Textile workers in Honduras organize to defend their rights together

Although diagnosed with a disability due to excessive work and stress, Maria Gutierrez couldn’t convince her factory manager initially to lower the production outputs she was expected to deliver. But with the help of a feminist collective, supported by UN Women’s Fund for Gender Equality, she was able to defend her rights. Today she is known for her organizing skills among the textile workers of Honduras. The 61st session of the Commission on the Status of Women discussed promoting women’s right to organize as an integral part of women’s economic empowerment.

Date: Monday, March 27, 2017

María Gutiérrez leaving the industrial estate of Delta Honduras, the textile company where she works  UN Women/Héctor Gómez
María Gutiérrez leaving the industrial estate of Delta Honduras, the textile company where she works. Photo: UN Women/Héctor Gómez

Every two weeks, the 22 members of the Honduran Women’s Collective meet in their office in the city of Villa Nueva, Honduras, to discuss common challenges and identify solutions. María Gutierrez, a 40-year-old textile worker, radiates a contagious energy as she speaks at the meetings. Members of the Honduran Women’s Collective (CODEMUH) know her for her organizing skills and for motivating women to speak out and support each other in securing their rights in the workplace.

When María Gutierrez, 19 at the time, first started working at Delta Honduras Maquila, a factory producing sport-shirts in northern Honduras, she didn’t feel so empowered. She worked 9.5 long hours per day, with a 30-minute lunch break and two 10-minute breaks during the rest of the day. To meet the production targets, she often did not take those breaks—until her body could not take it anymore.

"I started feeling physical pain and stress. When I consulted the doctor in the company clinic, he only gave me pills that made the symptoms disappear temporarily," Gutierrez recalls.

María Gutiérrez began working for the textile company Delta Honduras when she was 19-years-old. Photo: UN Women/Héctor Gómez
María Gutiérrez began working for the textile company Delta Honduras when she was 19-years-old. Photo: UN Women/Héctor Gómez

A study carried out by the Metropolitan Autonomous University of Mexico and CODEMUH in 2012 found that 46 per cent of the textile industry workers suffered from depression, 46 per cent showed symptoms of distress and 62 per cent showed symptoms of muscle disorders [1].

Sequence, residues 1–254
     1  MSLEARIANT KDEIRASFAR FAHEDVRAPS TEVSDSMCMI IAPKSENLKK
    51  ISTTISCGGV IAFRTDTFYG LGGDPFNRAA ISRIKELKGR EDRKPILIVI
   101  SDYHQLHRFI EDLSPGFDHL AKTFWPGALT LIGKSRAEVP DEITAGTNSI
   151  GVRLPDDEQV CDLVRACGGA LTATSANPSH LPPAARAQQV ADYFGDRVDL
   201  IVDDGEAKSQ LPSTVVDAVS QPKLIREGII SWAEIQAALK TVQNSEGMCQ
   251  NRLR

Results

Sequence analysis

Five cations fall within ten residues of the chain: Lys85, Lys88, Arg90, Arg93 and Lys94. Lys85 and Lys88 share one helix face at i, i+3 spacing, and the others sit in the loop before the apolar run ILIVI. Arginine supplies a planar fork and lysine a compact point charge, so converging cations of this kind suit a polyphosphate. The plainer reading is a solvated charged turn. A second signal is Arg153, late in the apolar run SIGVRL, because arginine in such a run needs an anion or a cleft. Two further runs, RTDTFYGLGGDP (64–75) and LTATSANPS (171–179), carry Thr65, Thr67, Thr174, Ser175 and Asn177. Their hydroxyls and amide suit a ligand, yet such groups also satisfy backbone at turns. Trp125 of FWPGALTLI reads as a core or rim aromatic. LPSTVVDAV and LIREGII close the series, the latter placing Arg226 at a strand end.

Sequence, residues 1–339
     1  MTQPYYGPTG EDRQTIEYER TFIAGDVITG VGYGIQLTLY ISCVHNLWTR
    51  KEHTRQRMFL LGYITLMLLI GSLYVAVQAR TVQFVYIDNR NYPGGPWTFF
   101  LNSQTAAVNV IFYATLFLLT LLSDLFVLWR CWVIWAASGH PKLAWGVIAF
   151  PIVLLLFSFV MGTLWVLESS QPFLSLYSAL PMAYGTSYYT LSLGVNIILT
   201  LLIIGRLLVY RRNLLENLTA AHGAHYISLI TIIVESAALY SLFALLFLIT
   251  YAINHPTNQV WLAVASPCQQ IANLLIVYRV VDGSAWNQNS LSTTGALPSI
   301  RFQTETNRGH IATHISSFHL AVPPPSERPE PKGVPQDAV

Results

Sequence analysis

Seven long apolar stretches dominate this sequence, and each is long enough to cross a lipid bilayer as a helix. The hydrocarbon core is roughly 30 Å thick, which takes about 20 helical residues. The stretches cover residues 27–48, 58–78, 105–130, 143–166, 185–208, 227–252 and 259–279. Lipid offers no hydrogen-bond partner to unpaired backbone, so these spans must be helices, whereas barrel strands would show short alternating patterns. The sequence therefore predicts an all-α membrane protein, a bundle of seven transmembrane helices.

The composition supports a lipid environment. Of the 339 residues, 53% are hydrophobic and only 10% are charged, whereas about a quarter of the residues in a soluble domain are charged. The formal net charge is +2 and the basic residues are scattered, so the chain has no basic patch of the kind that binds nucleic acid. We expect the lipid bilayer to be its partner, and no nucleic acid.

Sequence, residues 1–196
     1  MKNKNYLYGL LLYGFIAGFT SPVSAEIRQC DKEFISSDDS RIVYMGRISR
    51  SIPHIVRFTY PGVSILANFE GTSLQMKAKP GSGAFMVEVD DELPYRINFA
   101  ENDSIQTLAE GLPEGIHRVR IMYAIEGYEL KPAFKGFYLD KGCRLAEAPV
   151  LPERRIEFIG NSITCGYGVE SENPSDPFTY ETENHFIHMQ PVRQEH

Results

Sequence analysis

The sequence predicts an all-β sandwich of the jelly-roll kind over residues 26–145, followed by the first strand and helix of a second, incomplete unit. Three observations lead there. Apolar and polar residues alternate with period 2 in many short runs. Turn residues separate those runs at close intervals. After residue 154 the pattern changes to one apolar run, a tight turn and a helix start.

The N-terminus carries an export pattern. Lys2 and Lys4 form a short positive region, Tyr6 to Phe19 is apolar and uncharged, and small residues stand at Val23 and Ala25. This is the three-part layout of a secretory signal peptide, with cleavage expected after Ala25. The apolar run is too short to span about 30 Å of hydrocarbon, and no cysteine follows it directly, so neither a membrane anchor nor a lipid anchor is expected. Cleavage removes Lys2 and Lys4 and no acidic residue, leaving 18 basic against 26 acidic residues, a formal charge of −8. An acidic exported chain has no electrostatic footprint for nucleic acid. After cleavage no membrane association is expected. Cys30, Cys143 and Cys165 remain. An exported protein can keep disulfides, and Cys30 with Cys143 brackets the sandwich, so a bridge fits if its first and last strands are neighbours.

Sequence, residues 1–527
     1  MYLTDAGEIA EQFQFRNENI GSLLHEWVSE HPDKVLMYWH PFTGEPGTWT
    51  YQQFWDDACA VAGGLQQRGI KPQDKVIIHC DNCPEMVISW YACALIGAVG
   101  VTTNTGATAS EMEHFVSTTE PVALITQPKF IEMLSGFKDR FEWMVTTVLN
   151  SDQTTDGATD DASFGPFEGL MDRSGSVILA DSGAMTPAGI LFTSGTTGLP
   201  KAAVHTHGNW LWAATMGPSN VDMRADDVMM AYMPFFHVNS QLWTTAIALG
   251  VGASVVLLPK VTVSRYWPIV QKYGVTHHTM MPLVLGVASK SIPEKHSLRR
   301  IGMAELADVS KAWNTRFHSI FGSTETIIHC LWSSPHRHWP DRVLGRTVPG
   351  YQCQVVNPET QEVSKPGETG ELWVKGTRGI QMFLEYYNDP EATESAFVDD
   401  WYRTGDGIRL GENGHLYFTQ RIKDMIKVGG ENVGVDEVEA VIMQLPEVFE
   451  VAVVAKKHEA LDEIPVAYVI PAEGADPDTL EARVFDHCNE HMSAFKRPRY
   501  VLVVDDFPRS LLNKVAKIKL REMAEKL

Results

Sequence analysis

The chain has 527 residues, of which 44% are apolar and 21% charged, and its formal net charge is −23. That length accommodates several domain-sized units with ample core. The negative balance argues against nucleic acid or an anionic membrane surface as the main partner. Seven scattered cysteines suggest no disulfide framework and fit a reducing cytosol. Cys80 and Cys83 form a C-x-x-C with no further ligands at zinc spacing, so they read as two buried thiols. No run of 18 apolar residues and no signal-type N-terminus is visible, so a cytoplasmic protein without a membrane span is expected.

When Gutierrez finally went to see a doctor outside the factory clinic, she was diagnosed with chronic cervical spine problems or the cervicobrachial syndrome, and tendonitis of her left shoulder. She got a certificate for occupational incapacity, attesting a 37 per cent permanent partial disability.

Because of her health condition, Gutierrez asked the company to lower her production goal, so she could take her breaks, but her manager demanded exactly the same outputs as before. Adding to that pressure, her colleagues started harassing her, calling her lazy.

The stress at work affected her personal life, and her relationships with her children and her husband. "At night, I felt this tension in my chest. I felt like I was dying," recalls Gutierrez.

As she fell deeper into depression, Gutierrez was about to give up work when she heard about CODEMUH, a feminist organization with more than 27 years of experience in defending the human and labour rights of women in Honduras, and joined them.

"We are fighting against gender-based violence and addressing violence at the workplace, especially safety and occupational health risks," explains María Luisa Regalado, Director of the organization CODEMUH.

The “maquila” industry plays a major role for the manufacturing sector in the country, employing more than 100,000 workers[2. Through the Fund for Gender Equality, UN Women collaborates with CODEMUH to organize and train the women workers in the textile industry of eight municipalities on the northern coast of Honduras to promote their rights and safety.

The industrial estate of Delta Honduras, the textile company where María Gutierrez works. Photo: UN Women/Héctor Gómez
The industrial estate of Delta Honduras, the textile company where María Gutierrez works. Photo: UN Women/Héctor Gómez

"The lives of Maquila workers change when they have the opportunity to educate themselves and organize with other women. Together, they can raise their voices and truly benefit from the economic activities instead of being exploited,” says Liena Isaula, UN Women Programme Specialist in Honduras.

"I learned to defend my rights as an employee and not to overwork myself," says María Gutierrez, who decided to fight for herself and her job

Gutierrez negotiated hard for better working conditions for herself at the factory and for access to the medical care she needed through the company. Due to her partial disability, she also secured a pension. "Now I support other women in similar situations. Women workers should be aware that their working and living conditions can change if they know their rights and organize collectively," says Gutierrez.

Notes

[1] CODEMUH and Universidad Autónoma Metropolitana 2012: Condiciones de trabajo y prevalencia de trastornos musculoesqueléticos v psíquicos en población trabajadora de la maquila de la confección http://www.corteidh.or.cr/tablas/29545.pdf

[2] World Bank 2015: Honduras Economic DNA http://documents.worldbank.org/curated/en/150731468189533027/pdf/97361-WP-PUBLIC-Box391473B-Honduras-Economic-DNA-First-Edition-11Jun2015-FINAL-PUBLIC.pdf

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